Scientists from a range of disciplines and institutions have been grappling with the violent colonial legacies embedded within Western science. From archaeology to public health to natural history, efforts focused around naming and unwinding those legacies have flourished, particularly in the wake of last year’s racial justice uprisings.
A new paper in the journal Nature Ecology and Evolution offers some steps that ecologists, in particular, can take to begin unraveling the colonial systems and perspectives that pervade academia.
“Ecology, like most scientific disciplines that exist in the world today, comes out of the history of universities that were founded in colonization,” says coauthor Jess Auerbach, an anthropologist at North-West University in South Africa. “And so our whole knowledge structure, as a kind of global research community, is based really in these processes of unequal power and violence.”
Today, the paper’s authors explain, extractive colonial legacies can be seen in things like ongoing practices of “parachute” science, marked by researchers from wealthy countries doing research in the Global South without investing in or partnering with local communities, or the “discovery” of “new” species that are simply new to Western science. Wildfires are another example; blazes have been supercharged by both climate change and fire exclusion and suppression policies that prevented (and often still prevent) tribal nations from conducting prescribed burns as they always had.
“Coming from a former colony, I see the legacies and the effects still persisting, even though the British left in 1947,” says coauthor Madhusudan Katti, an ecologist at North Carolina State University.
Katti used the example of Keoladeo National Park, an important site for migratory and breeding aquatic birds in the state of Rajasthan in India. “The national park model, which has been adopted worldwide, follows the US model,” where “wilderness” was often generated through the forced removal of Native peoples. “So in this park, they displaced people who were living there, and what they decided to do was build a wall around it to keep people out,” specifically people who were harvesting firewood and grazing cattle. But years later, he says, ecologists realized that the cattle had been supporting bird populations by eating aquatic plants and maintaining open water space.
“And that was because, again, you’re not paying attention to the role of people in the system. You’re driven by this model of the national park, this idea that people don’t belong in nature, which is very much a Western, European concept.”
Learning and acknowledging scientific histories of resource extraction, racial violence and land theft, as well as placing more emphasis on the history and philosophy of science, is one way the researchers suggest ecologists can begin trying to “build a more anti-oppressive and decolonial ecology”. Other practices include encouraging multilingualism amongst researchers, since science is currently limited by a preference for written English, and recognizing the data sovereignty of Indigenous collaborators. The authors also encourage ecologists to widen the scope of who gets to be an “expert,” as well as follow anti-racist approaches proposed by Black scholars in ecology. Researchers should not only try to build diverse, inclusive research teams, they write, but also move toward rewarding collective knowledge-building, like getting rid of lead authorship.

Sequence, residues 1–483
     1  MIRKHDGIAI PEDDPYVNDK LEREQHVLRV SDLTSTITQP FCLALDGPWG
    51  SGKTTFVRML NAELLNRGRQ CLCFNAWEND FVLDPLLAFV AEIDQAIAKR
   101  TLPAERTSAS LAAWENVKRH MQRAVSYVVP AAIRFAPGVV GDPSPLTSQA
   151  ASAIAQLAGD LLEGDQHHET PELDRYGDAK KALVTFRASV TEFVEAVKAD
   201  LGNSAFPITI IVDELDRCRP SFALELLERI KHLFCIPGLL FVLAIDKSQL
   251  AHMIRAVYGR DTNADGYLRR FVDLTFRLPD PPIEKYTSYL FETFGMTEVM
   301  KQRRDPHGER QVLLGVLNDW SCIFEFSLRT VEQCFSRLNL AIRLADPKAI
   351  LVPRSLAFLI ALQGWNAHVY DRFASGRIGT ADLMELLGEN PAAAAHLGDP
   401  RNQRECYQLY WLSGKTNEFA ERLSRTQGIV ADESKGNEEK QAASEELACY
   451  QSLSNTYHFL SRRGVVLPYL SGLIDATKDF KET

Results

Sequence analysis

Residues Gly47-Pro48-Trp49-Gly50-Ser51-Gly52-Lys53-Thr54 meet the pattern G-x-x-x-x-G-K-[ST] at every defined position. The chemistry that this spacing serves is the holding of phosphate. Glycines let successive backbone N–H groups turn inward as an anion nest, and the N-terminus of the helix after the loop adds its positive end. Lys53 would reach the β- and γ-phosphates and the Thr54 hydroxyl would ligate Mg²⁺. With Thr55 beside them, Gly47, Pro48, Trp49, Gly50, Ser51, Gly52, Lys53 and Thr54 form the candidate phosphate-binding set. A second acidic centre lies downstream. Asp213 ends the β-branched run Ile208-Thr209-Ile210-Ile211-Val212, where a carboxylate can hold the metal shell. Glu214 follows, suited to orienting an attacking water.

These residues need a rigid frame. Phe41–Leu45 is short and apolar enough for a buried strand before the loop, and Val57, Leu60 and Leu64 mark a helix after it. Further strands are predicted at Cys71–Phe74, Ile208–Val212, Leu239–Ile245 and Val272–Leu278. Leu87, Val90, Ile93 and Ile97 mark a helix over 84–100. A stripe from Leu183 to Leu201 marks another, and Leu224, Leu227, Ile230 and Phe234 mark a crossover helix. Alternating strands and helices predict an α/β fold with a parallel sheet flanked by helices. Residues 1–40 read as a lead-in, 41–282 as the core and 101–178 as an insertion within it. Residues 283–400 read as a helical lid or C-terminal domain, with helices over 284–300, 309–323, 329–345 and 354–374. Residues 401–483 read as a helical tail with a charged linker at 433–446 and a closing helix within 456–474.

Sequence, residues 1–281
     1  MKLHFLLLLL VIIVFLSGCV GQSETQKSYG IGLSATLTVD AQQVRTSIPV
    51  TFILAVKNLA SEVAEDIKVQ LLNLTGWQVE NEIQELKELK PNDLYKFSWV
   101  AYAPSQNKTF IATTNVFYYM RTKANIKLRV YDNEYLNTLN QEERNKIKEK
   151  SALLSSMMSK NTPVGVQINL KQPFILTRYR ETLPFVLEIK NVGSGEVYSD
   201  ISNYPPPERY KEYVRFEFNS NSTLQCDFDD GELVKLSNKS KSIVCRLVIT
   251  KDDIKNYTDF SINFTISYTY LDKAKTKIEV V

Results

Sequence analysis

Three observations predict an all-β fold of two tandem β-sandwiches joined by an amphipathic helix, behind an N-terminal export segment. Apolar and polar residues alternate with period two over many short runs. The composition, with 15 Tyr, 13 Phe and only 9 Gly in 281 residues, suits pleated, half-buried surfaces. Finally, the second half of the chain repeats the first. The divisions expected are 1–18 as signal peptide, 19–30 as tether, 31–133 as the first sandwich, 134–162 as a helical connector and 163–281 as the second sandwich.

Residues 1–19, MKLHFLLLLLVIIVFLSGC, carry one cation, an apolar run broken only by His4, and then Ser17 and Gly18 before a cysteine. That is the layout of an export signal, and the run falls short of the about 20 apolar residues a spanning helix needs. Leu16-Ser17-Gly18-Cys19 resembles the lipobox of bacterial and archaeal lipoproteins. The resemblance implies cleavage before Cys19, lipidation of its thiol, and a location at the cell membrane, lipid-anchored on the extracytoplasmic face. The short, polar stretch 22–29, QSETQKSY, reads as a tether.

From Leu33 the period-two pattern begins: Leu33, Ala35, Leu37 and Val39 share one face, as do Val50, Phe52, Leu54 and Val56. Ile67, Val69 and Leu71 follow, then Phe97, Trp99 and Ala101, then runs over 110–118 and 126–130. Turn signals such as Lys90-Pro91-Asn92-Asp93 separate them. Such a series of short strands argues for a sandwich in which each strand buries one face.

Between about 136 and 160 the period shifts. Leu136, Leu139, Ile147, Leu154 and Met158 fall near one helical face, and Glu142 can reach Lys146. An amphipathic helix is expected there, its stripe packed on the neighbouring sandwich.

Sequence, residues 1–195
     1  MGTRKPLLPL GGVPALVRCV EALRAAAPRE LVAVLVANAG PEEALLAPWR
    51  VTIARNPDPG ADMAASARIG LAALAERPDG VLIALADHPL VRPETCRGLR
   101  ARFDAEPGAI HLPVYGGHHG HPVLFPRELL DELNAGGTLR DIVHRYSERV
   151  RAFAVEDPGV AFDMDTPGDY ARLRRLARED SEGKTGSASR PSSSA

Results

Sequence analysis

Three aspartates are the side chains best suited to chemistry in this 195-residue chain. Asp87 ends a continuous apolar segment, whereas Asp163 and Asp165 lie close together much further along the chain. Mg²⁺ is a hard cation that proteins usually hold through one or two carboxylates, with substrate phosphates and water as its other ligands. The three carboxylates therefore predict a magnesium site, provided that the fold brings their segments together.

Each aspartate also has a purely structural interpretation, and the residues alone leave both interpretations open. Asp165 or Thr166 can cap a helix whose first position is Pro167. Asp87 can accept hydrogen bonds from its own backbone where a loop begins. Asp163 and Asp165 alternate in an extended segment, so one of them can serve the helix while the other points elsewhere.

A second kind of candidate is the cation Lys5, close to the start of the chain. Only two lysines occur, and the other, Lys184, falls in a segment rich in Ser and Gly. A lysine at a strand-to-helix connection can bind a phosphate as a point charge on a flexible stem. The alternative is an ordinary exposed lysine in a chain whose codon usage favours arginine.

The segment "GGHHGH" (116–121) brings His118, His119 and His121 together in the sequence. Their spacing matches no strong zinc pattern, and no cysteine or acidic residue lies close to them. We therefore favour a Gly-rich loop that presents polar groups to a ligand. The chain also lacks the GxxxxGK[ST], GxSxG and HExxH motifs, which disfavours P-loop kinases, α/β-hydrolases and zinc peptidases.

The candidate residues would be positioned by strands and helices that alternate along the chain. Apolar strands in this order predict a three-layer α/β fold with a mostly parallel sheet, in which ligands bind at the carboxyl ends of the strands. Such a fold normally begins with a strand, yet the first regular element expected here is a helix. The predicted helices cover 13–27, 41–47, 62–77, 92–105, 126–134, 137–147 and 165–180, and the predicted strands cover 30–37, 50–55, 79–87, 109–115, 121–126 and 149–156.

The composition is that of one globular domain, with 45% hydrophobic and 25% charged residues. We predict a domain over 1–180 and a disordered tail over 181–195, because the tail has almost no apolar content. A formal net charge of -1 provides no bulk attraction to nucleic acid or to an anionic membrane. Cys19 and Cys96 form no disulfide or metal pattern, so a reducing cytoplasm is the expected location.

The authors caution that this is not a checklist that one can complete, capable of decolonizing an ecologists’ work in a snap. “They’re also not meant to overshadow long histories of anti-colonial, anti-racist struggle,” says coauthor Christopher Trisos, an ecologist and director of the Climate Risk Lab at the University of Cape Town. Rather, they say that these are points of action that ecologists can begin to incorporate into the way they practice and teach science.
“I think it’s a really important message, and something that ecologists really need to hear,” says Andrea Reid, a member of the Nisg̲a’a Nation and an assistant professor of Indigenous fisheries at the University of British Columbia, who was not involved in the paper.
“While we’re only just starting to really engage with these ideas in ecology, Indigenous scholars have been calling for these kinds of changes for decades,” she adds. “I would push both the writers and readers to critically think about what we can do to really transform our colonial institutions, and to move beyond ‘incorporating’ other ways of knowing into Western science and begin to think about the coexistence of knowledge systems in our study of the so-called natural world.”
Kyle Whyte, a member of the Citizen Potawatomi Nation and professor of environment and sustainability at the University of Michigan, who was not involved in the paper,
says that what many Indigenous peoples work for is their land and self-determination back, and the financial resources to foster their own research institutions.
“More than reform of academic disciplines,” Whyte wrote in an email to Popular Science, “Indigenous peoples should be able to resume the cultivation and strengthening of their own scientific and educational institutions, supporting research and teaching systems that are trustworthy, reliable, and empowering for Indigenous peoples across generations, protecting relationships and responsibilities that matter to Indigenous peoples.”
The authors say they envision this paper as a jumping-off point for future conversations and change. “If we are to fulfill the promise of science as something that can deliver good things to all of society,” says Katti, “we have to focus on interrogating the power that enables different kinds of science to be carried out.”